What is really behind the eurozone’s woes?
One of the most popular explanations behind the eurozone’s, and specifically Greece’s, woes is that the common currency area, unlike the United States, lacks a fiscal union. I was a firm adherent of this view until recently, but recent research has led me to question my views.
The case for fiscal union builds on two distinct pillars. While the public-at-large emphasizes the importance of the need to support poorer nations with permanent fiscal transfers, academic economists underline temporary transfers to smooth out the economic cycles of member countries.
As for the former point, I was surprised to learn recently that the U.S. did not have a fiscal union until the early 20th century; the federal income tax was introduced only in 1913. It is true that there is now a fiscal redistribution between poor and rich states amounting to more than 20 percent of their GDP.
However, as Daniel Gros, the director of the Centre for European Policy Studies (CEPS), a leading think tank and forum for debate on European Union affairs, noted in a recent paper comparing Puerto Rico and Greece’s defaults, fiscal transfers amounting to 30 percent of GDP did not protect the Caribbean island from a debt crisis of Hellenic proportions.
As for the more relevant temporary transfers, the International Monetary Fund (IMF) has compiled local data on economic and consumption cycles for federal countries. In the U.S., Canada and Germany, a one percentage point fall in the growth of a state results in a decrease in consumption of around only 0.2 percentage points.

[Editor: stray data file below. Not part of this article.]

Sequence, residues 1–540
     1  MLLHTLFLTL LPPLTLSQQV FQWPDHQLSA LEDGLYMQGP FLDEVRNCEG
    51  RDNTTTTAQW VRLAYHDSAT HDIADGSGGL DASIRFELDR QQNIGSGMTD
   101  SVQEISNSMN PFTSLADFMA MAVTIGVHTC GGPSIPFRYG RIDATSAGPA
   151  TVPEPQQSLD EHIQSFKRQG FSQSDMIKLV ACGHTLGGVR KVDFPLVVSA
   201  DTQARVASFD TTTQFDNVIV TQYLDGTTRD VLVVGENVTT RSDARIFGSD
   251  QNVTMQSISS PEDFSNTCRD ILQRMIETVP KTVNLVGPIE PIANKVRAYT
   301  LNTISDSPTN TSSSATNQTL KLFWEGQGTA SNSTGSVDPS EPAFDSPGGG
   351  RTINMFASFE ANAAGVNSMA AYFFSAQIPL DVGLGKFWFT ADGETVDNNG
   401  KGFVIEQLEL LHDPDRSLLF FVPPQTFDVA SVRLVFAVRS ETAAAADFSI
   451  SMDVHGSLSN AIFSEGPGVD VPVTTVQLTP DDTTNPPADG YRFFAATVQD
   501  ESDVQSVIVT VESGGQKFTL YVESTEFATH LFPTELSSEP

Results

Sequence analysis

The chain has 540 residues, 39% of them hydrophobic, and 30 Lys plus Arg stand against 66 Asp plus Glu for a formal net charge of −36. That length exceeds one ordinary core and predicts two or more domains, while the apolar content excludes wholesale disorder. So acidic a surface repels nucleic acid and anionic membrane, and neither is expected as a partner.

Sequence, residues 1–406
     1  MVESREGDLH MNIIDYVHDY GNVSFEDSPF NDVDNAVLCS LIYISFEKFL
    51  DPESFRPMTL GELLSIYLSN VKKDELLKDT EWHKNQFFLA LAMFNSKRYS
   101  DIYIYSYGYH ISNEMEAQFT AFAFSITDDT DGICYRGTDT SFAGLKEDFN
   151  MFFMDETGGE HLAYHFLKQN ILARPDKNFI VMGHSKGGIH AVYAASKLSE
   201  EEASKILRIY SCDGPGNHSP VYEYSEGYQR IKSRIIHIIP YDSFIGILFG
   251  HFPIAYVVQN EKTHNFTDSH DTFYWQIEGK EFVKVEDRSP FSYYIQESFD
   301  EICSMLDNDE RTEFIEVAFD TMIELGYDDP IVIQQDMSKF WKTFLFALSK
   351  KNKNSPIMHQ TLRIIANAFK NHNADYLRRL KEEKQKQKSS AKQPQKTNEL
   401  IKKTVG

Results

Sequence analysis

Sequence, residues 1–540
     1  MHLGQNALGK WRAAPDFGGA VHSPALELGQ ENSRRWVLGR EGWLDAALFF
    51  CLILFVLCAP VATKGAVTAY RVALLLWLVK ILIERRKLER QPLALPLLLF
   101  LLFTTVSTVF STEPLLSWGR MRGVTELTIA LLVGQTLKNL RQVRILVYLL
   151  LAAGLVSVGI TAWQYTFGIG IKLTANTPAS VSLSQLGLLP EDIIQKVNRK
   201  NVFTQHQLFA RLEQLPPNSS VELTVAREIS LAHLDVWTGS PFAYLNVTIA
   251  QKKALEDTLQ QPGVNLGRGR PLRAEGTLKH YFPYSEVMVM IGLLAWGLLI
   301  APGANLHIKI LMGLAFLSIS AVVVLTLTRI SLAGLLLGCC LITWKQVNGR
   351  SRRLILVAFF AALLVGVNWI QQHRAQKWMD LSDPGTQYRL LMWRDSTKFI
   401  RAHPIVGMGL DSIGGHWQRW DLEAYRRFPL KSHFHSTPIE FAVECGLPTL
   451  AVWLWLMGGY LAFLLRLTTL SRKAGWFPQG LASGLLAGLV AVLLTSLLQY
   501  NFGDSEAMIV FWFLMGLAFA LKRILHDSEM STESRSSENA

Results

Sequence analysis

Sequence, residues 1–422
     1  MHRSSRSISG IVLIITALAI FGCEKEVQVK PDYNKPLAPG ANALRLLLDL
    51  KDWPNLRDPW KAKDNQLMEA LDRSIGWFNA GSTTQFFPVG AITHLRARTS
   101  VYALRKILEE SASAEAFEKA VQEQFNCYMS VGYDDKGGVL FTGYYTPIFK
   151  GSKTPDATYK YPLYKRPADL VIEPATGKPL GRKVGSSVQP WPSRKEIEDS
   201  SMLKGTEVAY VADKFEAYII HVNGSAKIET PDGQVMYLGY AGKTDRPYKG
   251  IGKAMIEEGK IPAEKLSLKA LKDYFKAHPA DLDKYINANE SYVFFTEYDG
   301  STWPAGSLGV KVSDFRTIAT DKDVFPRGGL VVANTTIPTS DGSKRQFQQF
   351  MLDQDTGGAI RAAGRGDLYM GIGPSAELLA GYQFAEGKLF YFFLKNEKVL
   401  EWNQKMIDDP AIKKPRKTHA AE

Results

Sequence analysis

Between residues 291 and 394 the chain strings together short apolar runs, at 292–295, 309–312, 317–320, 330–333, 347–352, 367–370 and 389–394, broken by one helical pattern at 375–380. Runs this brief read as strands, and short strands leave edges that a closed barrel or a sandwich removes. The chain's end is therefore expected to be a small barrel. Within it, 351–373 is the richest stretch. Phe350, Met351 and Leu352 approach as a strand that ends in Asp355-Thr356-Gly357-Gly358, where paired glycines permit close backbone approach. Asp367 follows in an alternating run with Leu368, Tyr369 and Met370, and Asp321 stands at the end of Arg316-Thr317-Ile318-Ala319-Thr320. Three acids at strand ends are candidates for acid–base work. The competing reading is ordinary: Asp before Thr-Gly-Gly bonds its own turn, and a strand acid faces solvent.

However, almost none of this support is due to fiscal transfers, with the bulk coming from credit and capital markets. Interestingly enough, Jens Weidmann, the president of Germany’s central bank, the Bundesbank, made this very point in a recent speech, arguing (conditionally) for integrated capital markets and banking in the eurozone.
These findings are in line with a very important idea of Maurice Obstfeld, the well-known international macroeconomist who was appointed last week as the IMF’s new chief economist. Students of economics would know him from his undergraduate and graduate textbooks or his seminal papers on self-fulfilling currency crises and open-economy macroeconomics modeling.
However, his most relevant work is a policy paper he wrote for the European Commission in April 2013. There, he argued that currency unions like the eurozone were faced with a “trilemma”: They cannot pursue cross-border financial integration and maintain financial stability without giving up fiscal independence.
According to Obstfeld, “this financial/fiscal trilemma lies at the heart of the eurozone crisis that began in 2009.”
It also “provides a useful organizational structure for ... preserving a unified euro area financial market,” For example, a fiscal union is necessary, not because it would provide transfers to needy countries, but for the banking union and deposit insurance scheme Obstfeld is arguing for. In that sense, it is not an end in itself, but the means to an end.
It would be interesting to see if the IMF would push for this idea and try to convince the Europeans. Such a drastic change in the direction of the eurozone’s economic setup may be the only thing that may hold the common currency area together – with or without Greece.